Ed’s passion for protecting farmland comes in part from growing up in Whittier and Huntington Beach, where he watched precious farmland get bulldozed and covered with houses and strip malls. He has seen the same thing happening in the Central Valley. He loves to work alongside staff and volunteers at CFT who are passionate about preserving farmland for the future.
“If you like to eat, CFT should be your BFF”
George Gomes lives in Carmichael with his wife Ella. They have two children and three grandchildren. George grew up on a dairy farm that also produced hay and grain.
Before retiring from regular working hours, George was the Undersecretary for the California Department of Food and Agriculture (CDFA). Now he likes to visit family, especially his grandchildren. He also enjoys doing volunteer work, hunting, and gardening.
Between his roles at CDFA and at the California Farm Bureau Foundation, George devoted 26 years to keeping family farms in business. He serves on the CFT Trustee Council because he grew up watching family farms struggle and wants to help them succeed. He loves seeing CFT keeping family farming viable.
“Growing up on a peach farm in Modesto was the start of my interest in agriculture. Personally, and professionally I have a strong interest in the importance of agriculture and farmland. Farmland protection programs benefit farms, consumers and communities.”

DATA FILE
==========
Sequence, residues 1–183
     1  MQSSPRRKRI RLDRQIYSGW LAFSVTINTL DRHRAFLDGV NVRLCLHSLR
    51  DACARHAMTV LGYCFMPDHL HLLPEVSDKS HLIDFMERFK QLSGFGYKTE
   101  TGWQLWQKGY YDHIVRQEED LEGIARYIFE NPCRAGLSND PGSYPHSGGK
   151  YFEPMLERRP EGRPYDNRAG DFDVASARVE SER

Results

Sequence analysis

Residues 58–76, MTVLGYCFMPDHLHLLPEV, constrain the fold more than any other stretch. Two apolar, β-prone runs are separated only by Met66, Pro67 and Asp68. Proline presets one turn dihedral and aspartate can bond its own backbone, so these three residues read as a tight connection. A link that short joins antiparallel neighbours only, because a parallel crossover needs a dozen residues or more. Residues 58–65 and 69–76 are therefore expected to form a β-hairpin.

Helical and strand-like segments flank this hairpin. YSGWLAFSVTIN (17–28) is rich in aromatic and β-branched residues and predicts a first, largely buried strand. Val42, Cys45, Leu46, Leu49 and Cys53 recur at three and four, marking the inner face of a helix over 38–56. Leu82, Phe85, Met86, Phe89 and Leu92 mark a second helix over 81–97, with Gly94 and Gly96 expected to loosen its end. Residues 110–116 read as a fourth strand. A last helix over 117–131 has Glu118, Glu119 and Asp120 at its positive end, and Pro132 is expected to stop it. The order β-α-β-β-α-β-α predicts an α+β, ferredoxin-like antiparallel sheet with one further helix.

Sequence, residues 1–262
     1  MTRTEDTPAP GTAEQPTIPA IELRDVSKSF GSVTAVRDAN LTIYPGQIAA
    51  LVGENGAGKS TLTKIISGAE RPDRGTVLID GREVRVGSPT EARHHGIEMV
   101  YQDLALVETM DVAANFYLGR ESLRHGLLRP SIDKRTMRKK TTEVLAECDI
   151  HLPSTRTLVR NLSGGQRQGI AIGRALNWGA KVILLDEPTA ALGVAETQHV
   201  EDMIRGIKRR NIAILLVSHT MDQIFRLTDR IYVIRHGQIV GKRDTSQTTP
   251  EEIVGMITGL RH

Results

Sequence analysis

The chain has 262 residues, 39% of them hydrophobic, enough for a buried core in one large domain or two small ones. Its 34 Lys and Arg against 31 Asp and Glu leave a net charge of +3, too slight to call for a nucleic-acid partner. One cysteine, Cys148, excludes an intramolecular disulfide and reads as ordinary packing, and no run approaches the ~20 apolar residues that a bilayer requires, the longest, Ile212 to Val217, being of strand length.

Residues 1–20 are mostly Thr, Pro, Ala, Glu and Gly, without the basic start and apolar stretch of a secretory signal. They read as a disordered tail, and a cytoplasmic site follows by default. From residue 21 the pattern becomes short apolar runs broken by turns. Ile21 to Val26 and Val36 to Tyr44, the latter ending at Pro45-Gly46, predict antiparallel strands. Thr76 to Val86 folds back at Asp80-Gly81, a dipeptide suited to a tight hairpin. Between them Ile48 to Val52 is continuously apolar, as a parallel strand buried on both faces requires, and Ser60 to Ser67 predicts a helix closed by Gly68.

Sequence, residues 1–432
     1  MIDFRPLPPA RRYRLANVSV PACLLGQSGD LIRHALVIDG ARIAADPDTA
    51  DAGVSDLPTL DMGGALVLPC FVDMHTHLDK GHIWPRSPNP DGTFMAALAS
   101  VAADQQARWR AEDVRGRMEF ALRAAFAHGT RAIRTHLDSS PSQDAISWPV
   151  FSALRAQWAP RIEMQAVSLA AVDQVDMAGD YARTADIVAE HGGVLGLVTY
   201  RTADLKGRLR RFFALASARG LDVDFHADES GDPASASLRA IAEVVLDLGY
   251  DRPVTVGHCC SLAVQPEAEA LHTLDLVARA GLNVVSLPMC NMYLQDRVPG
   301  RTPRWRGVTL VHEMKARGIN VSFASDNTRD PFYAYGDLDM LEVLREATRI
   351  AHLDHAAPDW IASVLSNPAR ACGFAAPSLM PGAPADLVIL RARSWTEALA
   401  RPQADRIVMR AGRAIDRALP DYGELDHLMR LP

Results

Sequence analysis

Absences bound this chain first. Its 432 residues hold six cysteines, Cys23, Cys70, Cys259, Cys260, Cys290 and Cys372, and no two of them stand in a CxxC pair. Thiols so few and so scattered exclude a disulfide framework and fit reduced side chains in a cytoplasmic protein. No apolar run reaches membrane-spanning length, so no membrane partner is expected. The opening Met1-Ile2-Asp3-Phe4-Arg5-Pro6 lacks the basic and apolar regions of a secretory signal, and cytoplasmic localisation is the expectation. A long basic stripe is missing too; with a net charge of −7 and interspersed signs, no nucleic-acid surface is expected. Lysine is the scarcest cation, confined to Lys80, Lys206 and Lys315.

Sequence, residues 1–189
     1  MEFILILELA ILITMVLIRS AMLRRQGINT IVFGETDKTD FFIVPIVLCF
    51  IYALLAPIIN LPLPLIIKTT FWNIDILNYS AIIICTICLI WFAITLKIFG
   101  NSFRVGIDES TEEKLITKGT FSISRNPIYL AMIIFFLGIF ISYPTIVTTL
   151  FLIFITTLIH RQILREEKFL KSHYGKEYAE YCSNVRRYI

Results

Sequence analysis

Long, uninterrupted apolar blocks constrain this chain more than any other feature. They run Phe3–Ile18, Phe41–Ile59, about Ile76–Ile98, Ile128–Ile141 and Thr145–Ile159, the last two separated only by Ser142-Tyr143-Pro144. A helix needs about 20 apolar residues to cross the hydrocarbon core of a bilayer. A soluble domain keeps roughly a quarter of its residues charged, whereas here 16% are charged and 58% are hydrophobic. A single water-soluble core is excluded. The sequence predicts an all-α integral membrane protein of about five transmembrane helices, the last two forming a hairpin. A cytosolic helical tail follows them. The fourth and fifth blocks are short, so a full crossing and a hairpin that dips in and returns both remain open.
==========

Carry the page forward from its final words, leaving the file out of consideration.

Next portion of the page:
nn M. Veneman has a distinguished career in public service, serving as the Executive Director of the United Nations Children’s Fund (UNICEF) from 2005 to 2010 and as the United States Secretary of Agriculture from 2001 to 2005. Veneman’s leadership and vision has been recognized both nationally and internationally. In 2009 she was named to the Forbes World’s 100 Most Powerful Women list. She has been the recipient of numerous awards and honors including the Women Making History Award from the National Women’s History Museum. The only woman to ever serve as Secretary of the United States Department of Agriculture (USDA), Veneman directed one of most diverse federal agencies with a budget of $113 billion and 110,000 employees. She also served as Secretary of the California Department of Food and Agriculture from 1995 to 1999, overseeing the state agency responsible for nation’s largest agricultural producing region. From 1986 to 1993, she served in various positions in the USDA, including Deputy Secretary, Deputy Undersecretary for International Affairs, and Associate Administrator of the Foreign Agricultural Service. Veneman currently serves on the board of directors for Nestlé S.A. and is a member of the Council on Foreign Relations. She is a frequent speaker on a range of topics including poverty alleviation, empowering women and girls, food security and nutrition, and global health. Throughout her career Veneman has served on a number of advisory councils, committees and non-profit boards, particularly those involving higher education. Currently she is on the boards of Full Harvest, the Global Health Innovative Technology Fund, the Clinton Health Access Intitiative (CHAI) and she is a member of the Hilton Foundation Humanitarian Prize Jury. She has also a worked with the Bipartisan Policy Center on nutrition and political reform issues and with the Chicago Council on agricultural development. She serves on the advisory boards of BRAC, KDC Ag, Just Capital, the National 4-H Council, Resolution Project, The FEED Project, Pencils of Promise, Terra Vesco, the Close Up Foundation, the Omega Women’s Leadership Center, Living Goods, Runa, Perfect Day, Ukko, Memphis Meats, and the Stanislaus County Community Foundation. She also served as a fellow at the Harvard School of Public Health and the U.C. Berkeley Goldman School of Public Policy. A lawyer by training, Veneman has practiced law in both California and in Washington DC. Veneman holds a bachelor’s degree in political science from the University of California, Davis; a master’s degree in public policy from the University of California, Berkeley; and a juris doctor degree from the University of California, Hastings College of the Law. She has been awarded honorary doctorate degrees from several universities and colleges.